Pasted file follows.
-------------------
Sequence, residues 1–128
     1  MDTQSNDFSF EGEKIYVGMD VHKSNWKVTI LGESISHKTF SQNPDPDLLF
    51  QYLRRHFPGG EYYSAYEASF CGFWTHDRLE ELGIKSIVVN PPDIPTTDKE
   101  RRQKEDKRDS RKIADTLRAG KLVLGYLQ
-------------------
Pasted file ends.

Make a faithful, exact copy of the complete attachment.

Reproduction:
Sequence, residues 1–128
     1  MDTQSNDFSF EGEKIYVGMD VHKSNWKVTI LGESISHKTF SQNPDPDLLF
    51  QYLRRHFPGG EYYSAYEASF CGFWTHDRLE ELGIKSIVVN PPDIPTTDKE
   101  RRQKEDKRDS RKIADTLRAG KLVLGYLQ